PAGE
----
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VA opens mental health services to veterans with 'other than honorable' status

Sarah Levis, behavioral health operations manager at the Canandaigua VA Medical Center.
Karen Shakerdge/WXXI
Sarah Levis, behavioral health operations manager at the Canandaigua VA Medical Center.

For the first time, veterans with an other than honorable discharge can access mental health services at VA centers. Veterans with this kind of status served in the military but have not been eligible for benefits until now.

"Prior to this, anyone who had an other than honorable discharge was not able to receive any VA medical care, period. This has really opened up the possibility of being served for a time of up to 90 days,” says Sarah Levis, behavioral health operations manager at the Canandaigua VA Medical Center.

report released in May called into question how accurate or fair the discharge process is, especially for people who have served and develop mental or physical health conditions.

The policy change, which rolled out nationally on July 5, does not grant access to medical care, unless it is a medical issue attributable to their mental health, Levis explains. In that case, the veteran would be billed under humanitarian eligibility.

When asked whether it could possibly “open up a can of worms” that some veterans can access temporary mental health but not medical services, Levis replied no. She said a veteran with an other than honorable discharge status coming in for mental health services is the first step toward the ultimate goal — changing their discharge status to receive a wider range of benefits.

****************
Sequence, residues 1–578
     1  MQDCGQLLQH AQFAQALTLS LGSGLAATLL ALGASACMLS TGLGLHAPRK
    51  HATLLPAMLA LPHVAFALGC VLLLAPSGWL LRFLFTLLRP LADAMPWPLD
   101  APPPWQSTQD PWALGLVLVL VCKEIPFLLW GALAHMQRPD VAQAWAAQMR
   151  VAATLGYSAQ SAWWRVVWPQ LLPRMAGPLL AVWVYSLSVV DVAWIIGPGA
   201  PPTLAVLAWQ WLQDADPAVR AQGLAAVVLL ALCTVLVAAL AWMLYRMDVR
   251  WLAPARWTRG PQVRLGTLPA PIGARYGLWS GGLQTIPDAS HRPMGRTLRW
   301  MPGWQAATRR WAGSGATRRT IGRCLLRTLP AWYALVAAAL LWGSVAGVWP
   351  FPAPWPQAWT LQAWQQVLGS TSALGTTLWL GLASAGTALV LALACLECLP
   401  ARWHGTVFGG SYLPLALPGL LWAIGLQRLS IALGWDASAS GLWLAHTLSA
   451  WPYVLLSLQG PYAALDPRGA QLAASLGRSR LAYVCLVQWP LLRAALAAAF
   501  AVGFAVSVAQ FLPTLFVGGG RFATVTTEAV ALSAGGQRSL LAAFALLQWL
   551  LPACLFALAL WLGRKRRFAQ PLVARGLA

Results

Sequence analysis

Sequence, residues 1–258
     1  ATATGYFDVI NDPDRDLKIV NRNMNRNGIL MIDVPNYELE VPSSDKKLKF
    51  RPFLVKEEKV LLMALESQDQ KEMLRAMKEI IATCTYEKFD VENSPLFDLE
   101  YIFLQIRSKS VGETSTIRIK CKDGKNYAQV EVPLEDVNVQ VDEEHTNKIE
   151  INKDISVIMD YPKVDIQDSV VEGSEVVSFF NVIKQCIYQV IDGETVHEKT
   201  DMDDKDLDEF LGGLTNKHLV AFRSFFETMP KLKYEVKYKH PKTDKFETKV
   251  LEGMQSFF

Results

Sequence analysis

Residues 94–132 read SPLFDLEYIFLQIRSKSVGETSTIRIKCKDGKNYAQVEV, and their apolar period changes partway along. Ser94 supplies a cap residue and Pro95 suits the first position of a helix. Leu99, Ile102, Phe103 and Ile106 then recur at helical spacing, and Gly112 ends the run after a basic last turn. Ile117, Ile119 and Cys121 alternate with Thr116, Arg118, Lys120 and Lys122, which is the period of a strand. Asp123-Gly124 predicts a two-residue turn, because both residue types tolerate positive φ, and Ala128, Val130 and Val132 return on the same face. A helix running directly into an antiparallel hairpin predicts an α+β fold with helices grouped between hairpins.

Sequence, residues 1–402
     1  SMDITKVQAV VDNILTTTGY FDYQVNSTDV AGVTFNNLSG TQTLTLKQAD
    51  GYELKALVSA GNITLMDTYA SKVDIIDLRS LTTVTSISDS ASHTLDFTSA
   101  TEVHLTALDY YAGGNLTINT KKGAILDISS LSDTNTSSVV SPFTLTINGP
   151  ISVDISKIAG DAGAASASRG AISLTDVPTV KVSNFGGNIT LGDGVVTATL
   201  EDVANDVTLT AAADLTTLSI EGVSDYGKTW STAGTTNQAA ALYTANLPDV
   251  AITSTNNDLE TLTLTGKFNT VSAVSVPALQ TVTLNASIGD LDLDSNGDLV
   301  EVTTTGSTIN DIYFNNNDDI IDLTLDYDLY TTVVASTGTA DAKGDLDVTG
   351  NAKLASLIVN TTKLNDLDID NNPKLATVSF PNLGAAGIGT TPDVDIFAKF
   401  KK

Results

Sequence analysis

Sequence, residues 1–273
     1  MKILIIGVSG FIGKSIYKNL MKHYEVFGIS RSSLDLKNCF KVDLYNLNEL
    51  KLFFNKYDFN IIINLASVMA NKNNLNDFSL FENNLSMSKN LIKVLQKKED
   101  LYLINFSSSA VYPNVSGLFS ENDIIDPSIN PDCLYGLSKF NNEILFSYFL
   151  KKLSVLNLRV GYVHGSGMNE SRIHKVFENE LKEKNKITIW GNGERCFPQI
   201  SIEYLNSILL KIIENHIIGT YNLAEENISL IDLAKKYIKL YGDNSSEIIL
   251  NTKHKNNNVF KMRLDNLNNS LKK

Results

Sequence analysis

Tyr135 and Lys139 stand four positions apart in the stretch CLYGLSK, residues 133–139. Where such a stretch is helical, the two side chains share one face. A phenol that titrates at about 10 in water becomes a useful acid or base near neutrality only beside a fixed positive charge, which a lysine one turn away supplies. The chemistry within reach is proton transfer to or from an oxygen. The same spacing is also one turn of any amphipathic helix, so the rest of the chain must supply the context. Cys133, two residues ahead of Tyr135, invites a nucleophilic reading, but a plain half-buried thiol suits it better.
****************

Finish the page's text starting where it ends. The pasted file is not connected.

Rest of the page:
“This is a multipronged approach – coming in for emergency mental health care, we’ll take care of you, we’ll wrap our services around you. But in the meantime, we’re also going to ask for the Department of Defense, Veterans Benefits Administration and our local friends to be able to get your discharge status changed so that it can open the door wider to other services,” Levis says.

The reaction to this change among the overall veteran population, Levis says, has been “mixed.”

"There are some folks in the veteran population who feel that they served — they have an honorable discharge, they worked very hard for that — and feel that those who have other than honorable should not necessarily be given those same rights," says Levis.

It’s too soon to know if the mental health initiative will actually act as a pathway to changing discharge status, Levis adds. 

Karen Shakerdge covers health for WXXI News. She has spent the past decade asking people questions about their lives, as a documentary film producer, oral historian and now radio reporter.